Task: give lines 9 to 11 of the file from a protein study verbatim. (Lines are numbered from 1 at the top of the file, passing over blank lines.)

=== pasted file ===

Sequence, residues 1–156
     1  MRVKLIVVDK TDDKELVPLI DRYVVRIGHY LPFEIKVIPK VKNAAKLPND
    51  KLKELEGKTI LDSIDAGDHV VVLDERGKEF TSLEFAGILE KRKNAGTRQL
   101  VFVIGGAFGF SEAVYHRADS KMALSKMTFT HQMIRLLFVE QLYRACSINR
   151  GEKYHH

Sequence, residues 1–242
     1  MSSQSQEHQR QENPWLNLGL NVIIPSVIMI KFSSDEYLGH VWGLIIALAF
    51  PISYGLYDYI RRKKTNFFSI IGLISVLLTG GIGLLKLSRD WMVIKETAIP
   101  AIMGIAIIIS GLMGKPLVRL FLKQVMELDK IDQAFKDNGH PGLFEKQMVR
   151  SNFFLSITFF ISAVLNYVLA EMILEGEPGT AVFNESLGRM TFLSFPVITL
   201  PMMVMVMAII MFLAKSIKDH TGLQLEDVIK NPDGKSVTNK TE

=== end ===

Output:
   101  AIMGIAIIIS GLMGKPLVRL FLKQVMELDK IDQAFKDNGH PGLFEKQMVR
   151  SNFFLSITFF ISAVLNYVLA EMILEGEPGT AVFNESLGRM TFLSFPVITL
   201  PMMVMVMAII MFLAKSIKDH TGLQLEDVIK NPDGKSVTNK TE